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Fast & Furious Presents: Hobbs & Shaw

I’ve had a bit of trouble settling on a verdict for Hobbs & Shaw, the first(?) Fast & Furious spin-off film. On one hand, it is a very silly, over-the-top buddy cop action movie. On the other, it seems like the product of a bunch of bad decisions that just had to be followed through on because: money. It’s a movie where Dwayne Johnson pulls a helicopter out of the air, like Captain America. It’s also 135 minutes long and feels like it. Is this too much of a good thing?

Let’s recap: Paul Walker, undoubtedly the heart of the Fast & Furious series, died in 2013. Yes, Vin Diesel is the face of the series and Dom is the “dad” of the family, but everybody liked Paul and I think he really was a big part of making these movies fun to do. This led to The Fate of the Furious, which was a bummer, and also the beginning of a wedge between the original cast and rising star Dwayne Johnson. Whatever happened, happened, and so now Dwayne and Vin won’t work together. With the original cast apparently wanting to stop at Fast 10, it made business sense for Universal to start figuring out a spin-off to keep the money train on the tracks.

But since Dwayne Johnson is on his own, the movie has an immediate problem: who should team up with Hobbs? After all, the dude doesn’t work alone. His previous partner, Elena (Elsa Pataky), was murdered in F8 by Charlize Theron, which sucks and takes away that option. So, with no good choices left, the studio went with another reformed villain: Deckard Shaw (Jason Statham), with whom Hobbs had several amusing insult battles with in the last movie. If it worked as the C-plot of F8, it could probably work as it’s own movie, right?

Well, I think this movie wants you to forget that ever happened. Fast & Furious hasn’t gotten stale yet by constantly changing things up: it escalated from thugs stealing DVD players to super spies fighting a fleet of self-driving cars and nuclear submarines. They’ve gone from a Point Break knock-off to heist films to action movies unlike anything else out there. Hobbs & Shaw gets a bit stale in their very first movie because it never evolves, it just continues the macho bullshit dynamic from F8. And that reveals the other big problem: these are two of the same guy.

If you teamed Hobbs up with another member of the family, like Tej (Ludacris) or Roman (Tyrese), there would be more meat on these bones. Tej has computer hacking skills that Hobbs doesn’t, so they could find interesting ways for them to complement each others’ strengths. Roman is not a good fighter and often serves as the comic foil to the group, which could have given this movie a more conventional buddy cop vibe. But Shaw has all the same strengths and weaknesses as Hobbs, which means the movie has to hyper-focus on the minute differences between the two guys. So, like, Hobbs drinks raw eggs in the morning while Shaw makes an omelette. It’s actually impressive how well the movie pulls off making the slight variations between these two feel meaningful.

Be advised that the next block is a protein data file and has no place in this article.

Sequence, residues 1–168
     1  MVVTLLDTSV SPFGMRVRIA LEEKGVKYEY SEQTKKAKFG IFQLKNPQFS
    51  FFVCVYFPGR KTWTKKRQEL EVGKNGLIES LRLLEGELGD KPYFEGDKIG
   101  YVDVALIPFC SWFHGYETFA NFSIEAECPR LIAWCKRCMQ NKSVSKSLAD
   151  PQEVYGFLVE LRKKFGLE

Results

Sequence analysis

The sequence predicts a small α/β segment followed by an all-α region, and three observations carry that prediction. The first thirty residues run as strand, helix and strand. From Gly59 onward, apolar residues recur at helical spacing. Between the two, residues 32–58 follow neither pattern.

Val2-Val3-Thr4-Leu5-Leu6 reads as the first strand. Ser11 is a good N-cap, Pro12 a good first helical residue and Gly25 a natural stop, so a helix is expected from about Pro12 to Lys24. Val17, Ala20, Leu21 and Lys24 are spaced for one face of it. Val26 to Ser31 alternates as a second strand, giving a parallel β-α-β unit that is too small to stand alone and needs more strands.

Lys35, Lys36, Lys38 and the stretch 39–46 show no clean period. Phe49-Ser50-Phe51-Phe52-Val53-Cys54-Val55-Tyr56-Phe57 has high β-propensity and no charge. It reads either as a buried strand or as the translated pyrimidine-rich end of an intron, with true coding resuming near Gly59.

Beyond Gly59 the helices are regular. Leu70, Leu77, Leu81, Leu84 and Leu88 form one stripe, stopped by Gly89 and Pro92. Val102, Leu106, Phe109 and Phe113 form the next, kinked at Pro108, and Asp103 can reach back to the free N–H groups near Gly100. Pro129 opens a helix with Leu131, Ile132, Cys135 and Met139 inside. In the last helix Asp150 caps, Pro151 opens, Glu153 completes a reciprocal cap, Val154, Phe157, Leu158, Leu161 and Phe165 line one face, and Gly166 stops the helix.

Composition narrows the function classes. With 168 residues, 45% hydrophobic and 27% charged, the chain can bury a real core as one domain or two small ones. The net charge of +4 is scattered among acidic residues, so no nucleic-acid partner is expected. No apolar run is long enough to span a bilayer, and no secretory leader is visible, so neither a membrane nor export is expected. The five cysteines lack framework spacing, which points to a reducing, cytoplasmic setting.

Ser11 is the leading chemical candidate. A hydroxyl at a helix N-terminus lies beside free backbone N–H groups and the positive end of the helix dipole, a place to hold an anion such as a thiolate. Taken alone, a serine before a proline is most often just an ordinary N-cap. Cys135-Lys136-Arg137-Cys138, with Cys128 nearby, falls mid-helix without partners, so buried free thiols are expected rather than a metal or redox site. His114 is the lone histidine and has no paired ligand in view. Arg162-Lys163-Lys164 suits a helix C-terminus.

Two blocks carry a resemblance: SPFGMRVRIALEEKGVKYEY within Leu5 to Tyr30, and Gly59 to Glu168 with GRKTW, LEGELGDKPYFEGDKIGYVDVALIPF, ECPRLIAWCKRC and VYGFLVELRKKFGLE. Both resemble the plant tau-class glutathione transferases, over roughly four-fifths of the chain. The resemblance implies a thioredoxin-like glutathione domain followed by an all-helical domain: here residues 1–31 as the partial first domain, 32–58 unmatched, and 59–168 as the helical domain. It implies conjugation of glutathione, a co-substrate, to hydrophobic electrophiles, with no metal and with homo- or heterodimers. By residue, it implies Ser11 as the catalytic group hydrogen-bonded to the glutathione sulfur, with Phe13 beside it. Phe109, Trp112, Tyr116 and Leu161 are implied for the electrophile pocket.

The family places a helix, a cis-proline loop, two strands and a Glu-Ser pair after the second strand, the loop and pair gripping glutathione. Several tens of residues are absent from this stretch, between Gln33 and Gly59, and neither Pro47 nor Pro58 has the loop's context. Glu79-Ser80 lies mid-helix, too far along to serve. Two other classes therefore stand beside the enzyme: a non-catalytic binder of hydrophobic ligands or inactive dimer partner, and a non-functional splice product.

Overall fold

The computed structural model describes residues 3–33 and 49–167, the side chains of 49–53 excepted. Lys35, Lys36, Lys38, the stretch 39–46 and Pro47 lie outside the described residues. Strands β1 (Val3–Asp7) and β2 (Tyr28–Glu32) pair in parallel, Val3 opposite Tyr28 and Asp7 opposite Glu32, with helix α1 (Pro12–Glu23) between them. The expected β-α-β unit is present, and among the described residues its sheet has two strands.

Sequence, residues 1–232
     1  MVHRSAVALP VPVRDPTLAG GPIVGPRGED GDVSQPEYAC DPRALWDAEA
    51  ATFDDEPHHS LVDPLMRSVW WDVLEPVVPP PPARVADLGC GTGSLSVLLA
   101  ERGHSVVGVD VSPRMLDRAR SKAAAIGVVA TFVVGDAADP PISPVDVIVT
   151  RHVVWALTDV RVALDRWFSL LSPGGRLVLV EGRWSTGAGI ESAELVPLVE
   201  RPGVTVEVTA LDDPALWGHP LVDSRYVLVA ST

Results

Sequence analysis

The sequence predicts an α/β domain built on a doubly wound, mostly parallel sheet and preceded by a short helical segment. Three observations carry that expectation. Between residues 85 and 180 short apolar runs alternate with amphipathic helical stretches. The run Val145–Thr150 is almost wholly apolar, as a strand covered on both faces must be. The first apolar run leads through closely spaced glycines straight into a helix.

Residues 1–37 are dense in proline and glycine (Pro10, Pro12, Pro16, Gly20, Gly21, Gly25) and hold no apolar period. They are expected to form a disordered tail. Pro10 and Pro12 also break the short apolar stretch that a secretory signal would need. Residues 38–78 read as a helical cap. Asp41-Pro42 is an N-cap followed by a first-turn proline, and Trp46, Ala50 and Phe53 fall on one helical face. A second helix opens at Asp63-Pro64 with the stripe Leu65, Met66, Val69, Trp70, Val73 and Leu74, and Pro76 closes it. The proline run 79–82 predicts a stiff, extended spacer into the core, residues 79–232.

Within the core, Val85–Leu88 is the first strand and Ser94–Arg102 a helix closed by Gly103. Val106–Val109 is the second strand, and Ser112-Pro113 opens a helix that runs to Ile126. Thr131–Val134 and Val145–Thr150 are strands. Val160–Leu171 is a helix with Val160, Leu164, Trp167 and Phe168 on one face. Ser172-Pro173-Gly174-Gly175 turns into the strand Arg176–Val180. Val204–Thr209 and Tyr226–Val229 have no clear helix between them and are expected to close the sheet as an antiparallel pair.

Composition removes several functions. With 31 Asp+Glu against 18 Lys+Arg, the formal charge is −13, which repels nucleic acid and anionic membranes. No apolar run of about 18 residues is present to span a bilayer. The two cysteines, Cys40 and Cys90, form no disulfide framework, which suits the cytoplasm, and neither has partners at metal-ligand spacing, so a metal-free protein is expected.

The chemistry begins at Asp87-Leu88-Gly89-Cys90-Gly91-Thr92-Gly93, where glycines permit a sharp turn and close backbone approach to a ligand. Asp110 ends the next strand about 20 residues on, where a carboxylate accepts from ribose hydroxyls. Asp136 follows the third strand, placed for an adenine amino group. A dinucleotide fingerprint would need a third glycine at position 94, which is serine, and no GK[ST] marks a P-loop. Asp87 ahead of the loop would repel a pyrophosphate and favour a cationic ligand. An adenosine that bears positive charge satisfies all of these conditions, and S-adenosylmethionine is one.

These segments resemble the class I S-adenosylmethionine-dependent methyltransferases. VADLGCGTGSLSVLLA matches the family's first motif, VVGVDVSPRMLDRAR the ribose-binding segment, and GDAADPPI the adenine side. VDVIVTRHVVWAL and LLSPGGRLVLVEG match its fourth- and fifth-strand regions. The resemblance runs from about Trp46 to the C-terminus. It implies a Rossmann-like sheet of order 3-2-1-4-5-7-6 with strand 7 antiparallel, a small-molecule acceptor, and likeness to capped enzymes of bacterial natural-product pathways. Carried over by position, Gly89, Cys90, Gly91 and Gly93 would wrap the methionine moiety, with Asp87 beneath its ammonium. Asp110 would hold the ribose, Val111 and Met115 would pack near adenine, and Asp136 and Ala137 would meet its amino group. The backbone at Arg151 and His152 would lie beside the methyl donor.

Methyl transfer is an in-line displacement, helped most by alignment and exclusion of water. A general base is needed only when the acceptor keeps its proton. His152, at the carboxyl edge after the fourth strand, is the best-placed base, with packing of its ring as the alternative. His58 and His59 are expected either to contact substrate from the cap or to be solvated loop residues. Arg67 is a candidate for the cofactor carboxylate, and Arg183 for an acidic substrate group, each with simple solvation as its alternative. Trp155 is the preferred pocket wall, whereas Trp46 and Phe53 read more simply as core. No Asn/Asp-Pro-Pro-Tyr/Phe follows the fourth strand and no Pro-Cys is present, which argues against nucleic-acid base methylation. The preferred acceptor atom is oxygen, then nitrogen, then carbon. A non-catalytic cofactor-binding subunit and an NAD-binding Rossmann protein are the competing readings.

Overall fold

But I would have preferred some evolution in their dynamic. Retreading these guys learning to work together again is boring, and they could have just put more focus on Hobbs’ attraction to Shaw’s sister Hattie (Vanessa Kirby) or something instead. Speaking of, Vanessa Kirby is great and I hope she gets invited back to M:I7 because she was wasted in Fallout. Speaking of wasted, super humans are fun but Idris Elba is a disappointing villain. He’s arrogant, wants to end the world, has false sense of superiority, is desperate for angry revenge… in short, a stereotypical super villain. I did like his one speech about it being OK to kill most people on the planet (“genocide, shmenocide”) and his motorcycle that always comes back.

Hey, here’s a thing: If you have a movie about three unstoppable badass spies facing a super-powered bad guy, maybe let the bad guy win once? So that these tough guys have to be humbled for a little bit? And to actually make the bad guy scary? No, I guess we can’t do that, the stars’ contracts won’t allow it. So that means the movie has to be entertaining solely based on its stunts and zingers, which, to be fair, are surprisingly good.

David Leitch directed Hobbs & Shaw, only his second such gig after Atomic Blonde and Deadpool 2 (although it sounds like he was an uncredited co-director of the first John Wick). He brings his expertise in stunts to this movie, making each fight feel different from the ones that preceded it. The elevator thing in London is exactly my kind of ridiculous. That said, I think Leitch is not as interested in the CG stunts as he probably should be making a movie like this. I know F&F does a lot practically, but the series typically makes a big deal about the stuff computers made too. In this movie, scenes like the one where Hobbs and Shaw parachute into a smokestack feel like they’re there just to check boxes instead of be exciting moments. If you’re not into these parts, just cut ’em out! The movie’s long enough as is.

Anyway, I ended up putting this in the exact middle of my Fast and Furious rankings. Instead of a summarizing my thoughts here, I’ll just leave you with the one thing I really wished Hobbs & Shaw addressed: Shaw killed Han. In this movie Shaw says he did “things he regrets,” but I still can’t be OK with this dude because he killed one of the family. His brother seemingly had Letty killed and he was very badly burned to pay for it, even though she came back. Brixton was shot in the head and came back as Black Superman. So it’s obvious: Han needs to come back. It’s the only way we can make any of this work.